On Friday morning, NFL Commissioner Roger Goodell hinted that the league may use increased technology to support the officiating function during the 2015 postseason. The NFL has separately confirmed that improvements are possible.
“There are some items under consideration,” NFL spokesman Brian McCarthy told PFT by email. “Not able to get into specifics.”
Expanded use of the formal replay process isn’t the answer. The NFL needs to use replay not as a stand-alone second look but as part of the first look, with either the league office or a dedicated member of the officiating crew using the available video angles to correct mistakes in real time, contacting the referee through the communication device the league now uses to tell the referee when an error has occurred.
PFT recently reported that the NFL is considering providing assistance to the officials in stand-alone games, fixing obvious administrative mistakes that folks in the league office notice unrelated to the actual making of calls during games. NFL V.P. of officiating Dean Blandino recently explained during a visit to PFT Live the concerns regarding the potential use of an in-game video official.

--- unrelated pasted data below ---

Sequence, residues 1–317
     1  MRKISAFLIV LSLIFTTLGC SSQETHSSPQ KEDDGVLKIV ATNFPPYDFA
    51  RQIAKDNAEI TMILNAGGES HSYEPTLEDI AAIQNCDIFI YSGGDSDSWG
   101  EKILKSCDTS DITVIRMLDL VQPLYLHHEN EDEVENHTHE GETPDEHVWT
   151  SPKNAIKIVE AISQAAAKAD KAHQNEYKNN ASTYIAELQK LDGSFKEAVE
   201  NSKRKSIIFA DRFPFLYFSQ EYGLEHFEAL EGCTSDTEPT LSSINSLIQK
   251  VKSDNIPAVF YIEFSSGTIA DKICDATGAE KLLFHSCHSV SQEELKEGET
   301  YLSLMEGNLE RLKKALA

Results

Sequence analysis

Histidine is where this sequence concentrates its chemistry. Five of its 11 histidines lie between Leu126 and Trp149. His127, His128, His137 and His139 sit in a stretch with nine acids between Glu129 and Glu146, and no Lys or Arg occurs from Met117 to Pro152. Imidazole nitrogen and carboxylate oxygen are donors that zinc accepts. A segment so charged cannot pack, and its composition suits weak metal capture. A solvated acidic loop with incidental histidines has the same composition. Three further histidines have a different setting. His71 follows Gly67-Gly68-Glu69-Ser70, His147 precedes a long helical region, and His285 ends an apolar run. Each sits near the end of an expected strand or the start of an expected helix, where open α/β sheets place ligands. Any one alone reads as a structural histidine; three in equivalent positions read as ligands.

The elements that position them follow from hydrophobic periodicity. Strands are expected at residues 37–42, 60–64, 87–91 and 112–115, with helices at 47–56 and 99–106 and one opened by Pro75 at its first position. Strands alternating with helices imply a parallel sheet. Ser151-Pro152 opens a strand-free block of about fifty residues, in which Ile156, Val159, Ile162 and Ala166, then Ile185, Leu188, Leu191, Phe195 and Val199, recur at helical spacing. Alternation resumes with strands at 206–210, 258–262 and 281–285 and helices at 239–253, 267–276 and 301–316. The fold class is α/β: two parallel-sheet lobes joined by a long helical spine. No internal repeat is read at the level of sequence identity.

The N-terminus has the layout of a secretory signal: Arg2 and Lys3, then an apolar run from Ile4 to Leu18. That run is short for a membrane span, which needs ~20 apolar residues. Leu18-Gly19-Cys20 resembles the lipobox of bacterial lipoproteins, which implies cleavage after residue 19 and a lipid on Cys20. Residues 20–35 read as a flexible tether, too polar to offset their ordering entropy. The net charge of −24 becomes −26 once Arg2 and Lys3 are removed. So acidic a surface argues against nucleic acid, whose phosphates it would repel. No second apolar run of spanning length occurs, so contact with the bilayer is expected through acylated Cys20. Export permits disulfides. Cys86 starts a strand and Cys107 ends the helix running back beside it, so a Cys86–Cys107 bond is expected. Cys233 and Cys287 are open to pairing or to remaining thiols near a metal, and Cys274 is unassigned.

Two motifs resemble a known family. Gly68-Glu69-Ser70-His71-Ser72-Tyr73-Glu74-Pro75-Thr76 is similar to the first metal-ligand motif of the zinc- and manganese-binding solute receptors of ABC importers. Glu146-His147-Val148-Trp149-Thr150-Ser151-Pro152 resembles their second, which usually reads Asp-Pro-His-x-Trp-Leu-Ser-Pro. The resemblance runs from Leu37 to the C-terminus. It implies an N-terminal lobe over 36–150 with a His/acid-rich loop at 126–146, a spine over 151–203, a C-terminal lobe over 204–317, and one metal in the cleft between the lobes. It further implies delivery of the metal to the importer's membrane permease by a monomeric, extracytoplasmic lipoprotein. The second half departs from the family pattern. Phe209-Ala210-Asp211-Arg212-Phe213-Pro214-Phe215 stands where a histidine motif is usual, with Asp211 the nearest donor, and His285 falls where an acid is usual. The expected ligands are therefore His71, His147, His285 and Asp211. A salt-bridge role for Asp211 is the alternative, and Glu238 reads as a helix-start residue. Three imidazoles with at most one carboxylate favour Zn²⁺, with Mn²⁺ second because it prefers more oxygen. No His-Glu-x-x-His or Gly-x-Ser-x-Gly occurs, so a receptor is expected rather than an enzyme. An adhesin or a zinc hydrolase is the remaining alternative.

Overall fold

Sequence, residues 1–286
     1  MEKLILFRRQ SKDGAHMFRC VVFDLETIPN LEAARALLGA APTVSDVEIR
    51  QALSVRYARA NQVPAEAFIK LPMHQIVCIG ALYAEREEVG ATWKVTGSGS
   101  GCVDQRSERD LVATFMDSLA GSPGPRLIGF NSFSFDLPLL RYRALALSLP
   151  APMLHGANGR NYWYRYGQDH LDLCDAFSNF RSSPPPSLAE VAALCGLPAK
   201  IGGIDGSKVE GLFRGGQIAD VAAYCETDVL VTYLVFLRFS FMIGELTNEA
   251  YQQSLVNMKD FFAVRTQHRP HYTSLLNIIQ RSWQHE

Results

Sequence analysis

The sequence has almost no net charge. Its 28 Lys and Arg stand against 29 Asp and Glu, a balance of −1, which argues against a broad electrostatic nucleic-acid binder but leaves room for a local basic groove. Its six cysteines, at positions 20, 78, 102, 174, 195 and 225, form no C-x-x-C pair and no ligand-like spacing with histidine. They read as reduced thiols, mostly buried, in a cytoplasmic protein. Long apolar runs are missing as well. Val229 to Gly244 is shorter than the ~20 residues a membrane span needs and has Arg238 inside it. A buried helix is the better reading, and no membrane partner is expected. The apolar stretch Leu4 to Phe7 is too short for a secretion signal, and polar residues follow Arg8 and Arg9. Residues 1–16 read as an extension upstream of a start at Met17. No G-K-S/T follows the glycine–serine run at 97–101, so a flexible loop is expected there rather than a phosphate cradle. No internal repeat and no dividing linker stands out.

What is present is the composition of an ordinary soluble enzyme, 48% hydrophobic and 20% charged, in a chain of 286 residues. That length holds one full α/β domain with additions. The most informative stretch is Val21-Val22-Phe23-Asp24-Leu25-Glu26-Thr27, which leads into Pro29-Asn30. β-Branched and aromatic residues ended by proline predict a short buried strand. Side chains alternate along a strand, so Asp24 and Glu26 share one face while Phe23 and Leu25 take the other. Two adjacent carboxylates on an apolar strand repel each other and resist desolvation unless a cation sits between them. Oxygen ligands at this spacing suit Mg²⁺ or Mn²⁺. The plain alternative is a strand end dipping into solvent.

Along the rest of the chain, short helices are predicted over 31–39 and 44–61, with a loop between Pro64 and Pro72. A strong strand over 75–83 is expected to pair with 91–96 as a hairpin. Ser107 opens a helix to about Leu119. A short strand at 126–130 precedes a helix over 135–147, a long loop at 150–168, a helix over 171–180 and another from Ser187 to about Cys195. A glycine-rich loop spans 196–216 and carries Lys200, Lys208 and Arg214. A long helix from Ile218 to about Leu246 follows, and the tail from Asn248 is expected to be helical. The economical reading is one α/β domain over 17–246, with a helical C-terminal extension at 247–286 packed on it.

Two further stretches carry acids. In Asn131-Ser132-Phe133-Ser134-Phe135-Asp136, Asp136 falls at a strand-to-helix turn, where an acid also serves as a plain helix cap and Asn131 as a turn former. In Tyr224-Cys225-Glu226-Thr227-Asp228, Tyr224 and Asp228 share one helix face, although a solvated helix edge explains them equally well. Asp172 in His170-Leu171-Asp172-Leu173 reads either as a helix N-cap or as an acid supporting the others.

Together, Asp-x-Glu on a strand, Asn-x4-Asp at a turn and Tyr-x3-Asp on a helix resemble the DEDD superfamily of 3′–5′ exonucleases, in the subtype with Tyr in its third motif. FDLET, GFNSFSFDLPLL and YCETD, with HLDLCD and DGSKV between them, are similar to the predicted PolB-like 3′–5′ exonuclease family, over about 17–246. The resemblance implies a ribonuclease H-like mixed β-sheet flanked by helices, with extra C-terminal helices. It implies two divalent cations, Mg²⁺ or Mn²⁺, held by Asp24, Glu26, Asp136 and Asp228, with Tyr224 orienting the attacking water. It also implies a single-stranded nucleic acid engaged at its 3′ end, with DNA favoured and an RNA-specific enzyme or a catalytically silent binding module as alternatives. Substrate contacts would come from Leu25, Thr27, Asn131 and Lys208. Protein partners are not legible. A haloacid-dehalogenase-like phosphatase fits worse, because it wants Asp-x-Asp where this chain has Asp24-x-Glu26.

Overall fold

“The idea of a video official has come up,” Blandino said. “I think there’s certainly merit to having the ability to look at something quickly and helping the official on the field. . . . You get those angles that the official on the field doesn’t get. So all of that will be on the table. We also have to be mindful of the officials on the field. We need to empower them and they need to feel empowered to make decisions without somebody over their shoulder constantly reviewing their work immediately and possibly changing it. And I know the goal is to get it right and we understand that, but we also have to empower our officials to make decisions and not worry about somebody looking over their shoulder in every situation.”
If the video official is a member of the crew, however, no one will be looking over anyone’s shoulder. They’ll be collaborating in the same way they do when officials confer on the field.
Besides, who cares if someone is looking over someone else’s shoulder? When the goal is to get it right, there’s no time for tiptoeing on eggshells around an official who doesn’t like being second-guessed. If an official doesn’t want to be second-guessed, the official shouldn’t make mistakes.
And if the official truly cares about the job, the official should welcome any device that will help ensure that every call is the right call.